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Neutralizing Antibodies to Adenylate Cyclase Toxin Promote Phagocytosis of Bordetella pertussis by Human Neutrophils

By Christine L. Weingart, Paula S. Mobberley-Schuman, Erik L. Hewlett, Mary C. Gray and Alison A. Weiss

Abstract

A previous study showed that opsonization with human immune serum could either promote or antagonize phagocytosis of Bordetella pertussis by human neutrophils depending on whether the bacteria expressed adenylate cyclase toxin. Opsonization of the wild-type strain inhibited phagocytosis relative to unopsonized controls. In contrast, mutants lacking adenylate cyclase toxin were efficiently phagocytosed when opsonized with human immune serum. In this study, we examined opsonization in the presence or absence of monoclonal antibodies to adenylate cyclase toxin. Addition of neutralizing monoclonal antibodies to adenylate cyclase toxin converted a serum that previously inhibited both attachment and phagocytosis of the wild-type strain to one that increased both attachment and phagocytosis compared to the no-serum control. Monoclonal antibodies that recognize the adenylate cyclase toxin but fail to neutralize activity were without effect. These results suggest that adenylate cyclase toxin inhibits both Fc receptor-mediated attachment and phagocytosis of B. pertussis by neutrophils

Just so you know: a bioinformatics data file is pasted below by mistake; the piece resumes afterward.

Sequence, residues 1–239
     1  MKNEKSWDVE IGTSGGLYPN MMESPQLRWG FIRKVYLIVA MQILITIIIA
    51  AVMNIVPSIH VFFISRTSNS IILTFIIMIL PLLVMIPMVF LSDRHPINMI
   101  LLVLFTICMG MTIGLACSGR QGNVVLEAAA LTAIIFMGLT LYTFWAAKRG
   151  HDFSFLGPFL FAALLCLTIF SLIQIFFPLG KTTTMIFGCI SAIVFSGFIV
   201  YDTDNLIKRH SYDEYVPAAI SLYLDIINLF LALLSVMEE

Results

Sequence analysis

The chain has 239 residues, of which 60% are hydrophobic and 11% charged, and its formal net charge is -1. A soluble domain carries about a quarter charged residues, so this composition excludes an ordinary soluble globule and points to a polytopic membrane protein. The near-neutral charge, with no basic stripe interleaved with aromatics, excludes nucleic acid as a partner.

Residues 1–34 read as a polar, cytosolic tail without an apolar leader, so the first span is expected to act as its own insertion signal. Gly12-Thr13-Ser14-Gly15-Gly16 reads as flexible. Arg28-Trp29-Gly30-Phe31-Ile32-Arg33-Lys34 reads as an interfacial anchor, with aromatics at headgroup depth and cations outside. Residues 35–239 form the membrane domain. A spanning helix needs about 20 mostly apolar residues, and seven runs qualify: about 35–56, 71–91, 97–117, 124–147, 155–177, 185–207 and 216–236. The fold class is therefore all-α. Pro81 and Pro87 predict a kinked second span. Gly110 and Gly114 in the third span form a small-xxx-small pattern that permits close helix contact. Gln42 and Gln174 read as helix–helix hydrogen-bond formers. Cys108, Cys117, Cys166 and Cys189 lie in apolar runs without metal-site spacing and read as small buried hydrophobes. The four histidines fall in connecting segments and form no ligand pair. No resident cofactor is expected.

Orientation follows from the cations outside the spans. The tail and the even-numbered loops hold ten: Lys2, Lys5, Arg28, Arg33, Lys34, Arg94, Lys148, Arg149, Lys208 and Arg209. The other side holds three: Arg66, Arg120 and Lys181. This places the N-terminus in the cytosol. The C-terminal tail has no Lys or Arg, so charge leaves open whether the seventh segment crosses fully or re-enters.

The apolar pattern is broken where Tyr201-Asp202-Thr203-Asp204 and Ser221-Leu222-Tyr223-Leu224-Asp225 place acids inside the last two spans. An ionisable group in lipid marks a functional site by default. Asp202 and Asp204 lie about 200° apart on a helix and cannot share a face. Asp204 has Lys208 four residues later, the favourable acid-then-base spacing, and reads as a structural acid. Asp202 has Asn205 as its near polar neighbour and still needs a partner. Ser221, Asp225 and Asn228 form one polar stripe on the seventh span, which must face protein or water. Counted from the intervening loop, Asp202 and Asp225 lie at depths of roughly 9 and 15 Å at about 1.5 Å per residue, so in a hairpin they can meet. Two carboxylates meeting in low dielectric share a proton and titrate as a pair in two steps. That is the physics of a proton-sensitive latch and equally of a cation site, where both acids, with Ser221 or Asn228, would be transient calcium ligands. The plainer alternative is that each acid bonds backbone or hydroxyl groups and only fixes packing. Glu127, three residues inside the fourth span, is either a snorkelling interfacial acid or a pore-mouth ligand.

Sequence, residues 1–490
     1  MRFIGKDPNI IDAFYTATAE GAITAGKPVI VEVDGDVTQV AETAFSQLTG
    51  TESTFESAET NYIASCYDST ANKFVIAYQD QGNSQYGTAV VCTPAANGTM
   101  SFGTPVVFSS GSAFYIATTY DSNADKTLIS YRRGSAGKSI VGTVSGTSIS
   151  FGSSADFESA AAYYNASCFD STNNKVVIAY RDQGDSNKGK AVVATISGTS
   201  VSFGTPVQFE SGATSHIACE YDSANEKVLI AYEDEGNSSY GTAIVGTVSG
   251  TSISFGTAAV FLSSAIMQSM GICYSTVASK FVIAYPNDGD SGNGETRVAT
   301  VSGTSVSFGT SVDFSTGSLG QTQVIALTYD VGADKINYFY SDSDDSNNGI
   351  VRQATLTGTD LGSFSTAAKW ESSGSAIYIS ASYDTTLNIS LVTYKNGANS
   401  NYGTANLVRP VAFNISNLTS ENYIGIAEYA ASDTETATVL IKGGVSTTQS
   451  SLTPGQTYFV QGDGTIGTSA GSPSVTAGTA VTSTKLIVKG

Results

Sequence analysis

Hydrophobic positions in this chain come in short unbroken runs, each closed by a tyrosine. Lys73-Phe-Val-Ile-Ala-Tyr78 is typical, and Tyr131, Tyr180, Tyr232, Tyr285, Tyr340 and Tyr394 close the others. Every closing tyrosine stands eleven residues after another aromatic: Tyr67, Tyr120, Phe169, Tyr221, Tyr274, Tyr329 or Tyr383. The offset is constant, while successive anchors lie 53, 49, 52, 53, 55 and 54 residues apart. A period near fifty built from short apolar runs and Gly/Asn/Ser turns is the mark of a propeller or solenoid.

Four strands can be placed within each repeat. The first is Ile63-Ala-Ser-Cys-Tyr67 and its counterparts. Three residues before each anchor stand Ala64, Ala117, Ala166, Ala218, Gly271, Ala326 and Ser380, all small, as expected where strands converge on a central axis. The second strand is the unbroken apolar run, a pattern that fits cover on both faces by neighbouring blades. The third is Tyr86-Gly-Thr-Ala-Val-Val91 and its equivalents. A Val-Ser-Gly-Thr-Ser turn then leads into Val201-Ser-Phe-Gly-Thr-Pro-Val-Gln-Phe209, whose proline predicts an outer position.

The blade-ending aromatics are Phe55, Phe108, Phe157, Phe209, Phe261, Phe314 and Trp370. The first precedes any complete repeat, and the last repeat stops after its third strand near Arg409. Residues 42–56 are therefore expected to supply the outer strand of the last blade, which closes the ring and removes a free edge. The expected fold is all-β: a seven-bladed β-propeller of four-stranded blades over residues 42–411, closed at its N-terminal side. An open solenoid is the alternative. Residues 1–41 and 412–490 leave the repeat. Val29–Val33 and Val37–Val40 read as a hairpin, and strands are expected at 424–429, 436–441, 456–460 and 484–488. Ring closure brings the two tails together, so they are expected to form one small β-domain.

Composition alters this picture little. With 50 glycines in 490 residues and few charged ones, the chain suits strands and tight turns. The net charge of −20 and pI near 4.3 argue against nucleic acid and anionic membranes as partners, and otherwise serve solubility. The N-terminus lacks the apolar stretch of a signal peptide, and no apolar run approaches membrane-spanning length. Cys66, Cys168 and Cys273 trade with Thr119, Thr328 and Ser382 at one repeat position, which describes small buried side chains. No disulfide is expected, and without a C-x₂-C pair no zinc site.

Topics: Molecular Pathogenesis
Publisher: American Society for Microbiology
Year: 2000
OAI identifier: oai:pubmedcentral.nih.gov:97830
Provided by: PubMed Central
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